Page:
Turns out that in Birmingham, you can have your barbecue (among other things) and eat it, too.
Written by Scott Jones
Photography by Beau Gustafson
With the dust settled from the busy holiday season, we now transition into that most peculiar time when folks feel compelled to make all sorts of grand, life-changing commitments. Whether caused by one too many glasses of bubbly on New Year’s Eve or having to transition out of plain-front pants into pleats, these important pronouncements feel a whole lot more like guilt-fueled penance than an encouraging (and attainable) resolution.
Perhaps none are bigger (and the source of more failure) than those focused on diet and exercise. Don’t misunderstand; I’m all for a balanced approach to life, which, I believe, includes regular exercise and a sensible approach to food. However, the self-punishment often begins with crushing workouts and Spartan diets. I’m no fan of either. I’ll let others comment on the exercise piece, but as a culinary professional, I will take up the charge for food.
I guess what gets me the most about the whole post-holiday, all-or-nothing approach to dieting is that many feel sentenced to grazing salad bars or driving past their favorite restaurants. There has to be a reasonable middle ground, right? You know, local restaurants with menus that make both the person doing the committing and his or her personal trainer happy. Armed with my hypothesis, I set out to find a couple of pros who not only know a thing or two about food and nutrition but the Birmingham dining scene as well. All I asked is that they not respond with, “It’s not bad, for healthy food.” A backhanded compliment at best. The way I see it, the food is either good or it’s not—end of story.
I initially reached out to Jessica Cox, a culinary grad and registered dietitian. Cox is the culinary nutritionist for Birmingham-based company eMeals, the nation’s largest online meal planning service with more than 50 different meal plan options running the gamut from low-cal to low-fat, low-carb to diabetic-conscious to clean eating (and lots of other popular, healthful styles in between). So she wrestles with this topic daily.
You could have knocked me over with a feather when—without hesitation—she threw out Saw’s BBQ as one of her top picks. Seriously? “You bet,” says Cox, who firmly believes barbecue and smart eating are not mutually exclusive. “I love Saw’s pulled smoked chicken, though I skip the bun and opt for the regular barbecue sauce rather than the mayo-based white sauce, which is packed with calories and fat. For a side, I go for the greens in place of mac and cheese or baked beans.”
Holley Grainger, also a registered dietitian and self-confessed foodie, recommends going old school by hitting the steam table at Niki’s West or Ted’s Restaurant for a vegetable plate or lean meat and three. Like Cox, Grainger believes in balance—in this case, try baked or steamed rather than fried or creamy. “Don’t immediately assume that all veggies are cooked in bacon grease or butter. There are actually very healthy options,” she says. What’s more, Grainger knows that sometimes nothing beats a scoop of squash casserole or crispy fried okra. “Just pick one, then go with two healthier options to round out your three. Apply the same philosophy when adding a meat—watch out for gravy-topped country-fried steak; instead, go with the Greek-baked chicken or fish.”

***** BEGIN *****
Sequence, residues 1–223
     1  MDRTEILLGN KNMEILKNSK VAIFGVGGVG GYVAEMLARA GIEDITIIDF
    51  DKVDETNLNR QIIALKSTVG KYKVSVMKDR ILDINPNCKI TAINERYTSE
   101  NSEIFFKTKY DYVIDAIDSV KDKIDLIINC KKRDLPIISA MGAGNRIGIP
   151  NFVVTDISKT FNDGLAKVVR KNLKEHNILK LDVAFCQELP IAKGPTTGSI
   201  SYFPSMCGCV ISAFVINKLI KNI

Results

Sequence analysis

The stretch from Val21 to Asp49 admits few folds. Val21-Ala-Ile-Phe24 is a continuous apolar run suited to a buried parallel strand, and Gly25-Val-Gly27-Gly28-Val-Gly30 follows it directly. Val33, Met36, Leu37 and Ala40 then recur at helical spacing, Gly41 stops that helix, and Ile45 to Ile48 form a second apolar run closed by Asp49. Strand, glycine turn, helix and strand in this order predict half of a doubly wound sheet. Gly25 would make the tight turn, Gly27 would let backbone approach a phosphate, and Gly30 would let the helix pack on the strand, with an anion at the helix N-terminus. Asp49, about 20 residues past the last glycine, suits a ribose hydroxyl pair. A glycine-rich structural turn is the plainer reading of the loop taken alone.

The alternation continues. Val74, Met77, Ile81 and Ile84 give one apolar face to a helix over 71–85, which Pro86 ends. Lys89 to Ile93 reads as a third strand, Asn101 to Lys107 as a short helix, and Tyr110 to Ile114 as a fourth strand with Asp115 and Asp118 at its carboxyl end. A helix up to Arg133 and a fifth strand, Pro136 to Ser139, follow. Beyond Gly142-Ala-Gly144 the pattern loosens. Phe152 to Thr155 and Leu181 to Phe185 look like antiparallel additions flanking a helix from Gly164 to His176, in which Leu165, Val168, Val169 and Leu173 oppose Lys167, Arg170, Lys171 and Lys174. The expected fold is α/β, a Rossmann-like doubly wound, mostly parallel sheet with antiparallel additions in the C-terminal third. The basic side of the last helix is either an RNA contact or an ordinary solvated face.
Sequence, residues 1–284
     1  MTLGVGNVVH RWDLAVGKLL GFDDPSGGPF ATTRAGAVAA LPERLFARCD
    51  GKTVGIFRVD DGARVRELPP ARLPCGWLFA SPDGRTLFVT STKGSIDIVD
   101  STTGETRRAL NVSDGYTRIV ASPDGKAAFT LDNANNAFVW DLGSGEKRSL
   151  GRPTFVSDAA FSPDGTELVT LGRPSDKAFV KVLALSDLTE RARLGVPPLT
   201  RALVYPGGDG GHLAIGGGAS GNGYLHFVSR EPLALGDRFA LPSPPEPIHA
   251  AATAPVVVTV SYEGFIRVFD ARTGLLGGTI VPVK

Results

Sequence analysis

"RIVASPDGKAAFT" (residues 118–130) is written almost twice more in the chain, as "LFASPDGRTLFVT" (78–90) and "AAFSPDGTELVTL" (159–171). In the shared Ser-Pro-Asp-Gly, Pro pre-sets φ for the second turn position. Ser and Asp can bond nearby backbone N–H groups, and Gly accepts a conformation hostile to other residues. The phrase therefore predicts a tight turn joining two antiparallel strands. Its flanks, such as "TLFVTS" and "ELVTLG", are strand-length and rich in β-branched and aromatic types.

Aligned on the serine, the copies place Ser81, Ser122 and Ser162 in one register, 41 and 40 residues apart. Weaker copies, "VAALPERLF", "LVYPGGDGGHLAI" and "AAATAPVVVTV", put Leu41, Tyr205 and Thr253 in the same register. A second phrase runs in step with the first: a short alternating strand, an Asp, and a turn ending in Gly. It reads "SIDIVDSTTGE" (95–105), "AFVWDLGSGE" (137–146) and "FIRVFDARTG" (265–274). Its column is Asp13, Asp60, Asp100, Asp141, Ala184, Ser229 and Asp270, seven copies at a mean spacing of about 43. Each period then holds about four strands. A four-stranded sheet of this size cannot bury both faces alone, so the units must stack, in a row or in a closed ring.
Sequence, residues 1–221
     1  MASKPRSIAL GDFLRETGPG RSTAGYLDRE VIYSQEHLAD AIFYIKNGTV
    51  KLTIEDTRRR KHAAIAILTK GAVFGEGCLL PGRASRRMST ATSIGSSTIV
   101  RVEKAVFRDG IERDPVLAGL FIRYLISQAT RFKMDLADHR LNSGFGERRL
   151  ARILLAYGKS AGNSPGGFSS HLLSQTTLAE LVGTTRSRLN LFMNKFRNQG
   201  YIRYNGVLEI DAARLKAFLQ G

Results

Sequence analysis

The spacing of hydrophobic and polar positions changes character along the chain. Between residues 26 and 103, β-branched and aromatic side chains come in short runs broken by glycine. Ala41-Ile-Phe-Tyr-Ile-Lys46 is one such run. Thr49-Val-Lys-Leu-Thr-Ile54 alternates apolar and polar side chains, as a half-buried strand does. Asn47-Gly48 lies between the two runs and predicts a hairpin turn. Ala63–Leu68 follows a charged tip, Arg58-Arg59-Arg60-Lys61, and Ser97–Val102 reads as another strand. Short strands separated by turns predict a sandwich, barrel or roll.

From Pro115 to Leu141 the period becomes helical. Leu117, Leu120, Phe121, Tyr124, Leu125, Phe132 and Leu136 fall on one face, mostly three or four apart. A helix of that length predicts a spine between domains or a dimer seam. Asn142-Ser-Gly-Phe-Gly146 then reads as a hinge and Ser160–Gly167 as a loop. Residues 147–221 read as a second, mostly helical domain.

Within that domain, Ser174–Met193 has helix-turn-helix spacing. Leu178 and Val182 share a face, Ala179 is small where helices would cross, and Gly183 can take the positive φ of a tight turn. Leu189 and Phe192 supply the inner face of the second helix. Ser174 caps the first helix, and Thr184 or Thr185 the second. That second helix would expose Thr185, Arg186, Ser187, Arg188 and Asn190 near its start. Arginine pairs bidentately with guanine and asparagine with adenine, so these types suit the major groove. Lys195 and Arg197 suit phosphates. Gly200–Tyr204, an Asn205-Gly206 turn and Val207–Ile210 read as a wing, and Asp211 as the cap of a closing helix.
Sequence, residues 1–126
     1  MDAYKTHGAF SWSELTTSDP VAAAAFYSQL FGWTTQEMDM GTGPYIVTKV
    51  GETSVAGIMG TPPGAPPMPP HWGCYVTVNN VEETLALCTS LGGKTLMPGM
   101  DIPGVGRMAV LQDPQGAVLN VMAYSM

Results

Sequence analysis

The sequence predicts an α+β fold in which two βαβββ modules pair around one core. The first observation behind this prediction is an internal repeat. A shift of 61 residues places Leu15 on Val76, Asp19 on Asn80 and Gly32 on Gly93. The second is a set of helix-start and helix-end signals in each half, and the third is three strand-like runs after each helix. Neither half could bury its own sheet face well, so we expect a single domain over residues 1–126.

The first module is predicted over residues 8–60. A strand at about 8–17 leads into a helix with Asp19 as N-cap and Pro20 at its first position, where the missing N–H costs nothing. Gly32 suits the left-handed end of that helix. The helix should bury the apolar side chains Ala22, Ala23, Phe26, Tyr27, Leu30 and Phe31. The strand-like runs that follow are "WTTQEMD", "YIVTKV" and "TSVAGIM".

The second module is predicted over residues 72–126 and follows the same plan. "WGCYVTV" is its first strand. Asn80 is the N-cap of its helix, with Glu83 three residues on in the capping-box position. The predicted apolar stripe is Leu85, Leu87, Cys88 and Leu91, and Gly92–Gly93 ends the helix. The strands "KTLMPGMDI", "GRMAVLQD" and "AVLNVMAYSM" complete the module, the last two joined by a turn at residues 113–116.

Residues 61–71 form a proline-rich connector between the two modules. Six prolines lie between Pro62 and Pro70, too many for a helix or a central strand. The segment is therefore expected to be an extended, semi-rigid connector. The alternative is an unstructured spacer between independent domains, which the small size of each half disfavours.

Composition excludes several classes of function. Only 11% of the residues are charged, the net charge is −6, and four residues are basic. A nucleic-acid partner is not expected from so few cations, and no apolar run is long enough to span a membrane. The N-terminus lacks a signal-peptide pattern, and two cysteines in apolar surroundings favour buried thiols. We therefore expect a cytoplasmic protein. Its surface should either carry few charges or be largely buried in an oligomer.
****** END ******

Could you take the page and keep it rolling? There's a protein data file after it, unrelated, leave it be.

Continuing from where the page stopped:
When it comes to a light lunch, Cox can’t get enough of the Urban Cookhouse Berry Good Salad. Loaded with antioxidant-rich berries, as well as good-for-you pecans, this hearty salad has just the right mix of satisfying flavors and textures. “I also like the fact that Urban Cookhouse serves all their dressings on the side, giving you control over how much you use.” And pump up the protein by adding chopped grilled chicken, suggests Cox.
What about date night? Is the notion of a good-for-you meal in a white tablecloth setting an oxymoron? Both Cox and Grainger happily agree that you don’t need to bust your calorie budget to soak in a first-class meal. Even venerable spots like Hot and Hot Fish Club and Highlands Bar and Grill offer sensible choices—from grilled seafood and lean meats to reduced stock sauces in place of those fortified with heavy cream or butter. “A couple of handy tips are to pass on the bread and limit alcohol to no more than two drinks,” advises Cox.
Grainger often sidesteps the starchy sides like risotto, creamy grits, and mashed potatoes. Instead, she asks for double vegetables or to have a rich sauce served on the side. “Remember, chefs understand the value of customer service, so don’t hesitate to ask,” she says.
I’m certainly encouraged and I hope you are too. Whether upscale or downhome, the Magic City has ample opportunities for you to stick to your New Year resolution without having to say goodbye to the city’s vibrant food scene. Stay hungry, Birmingham.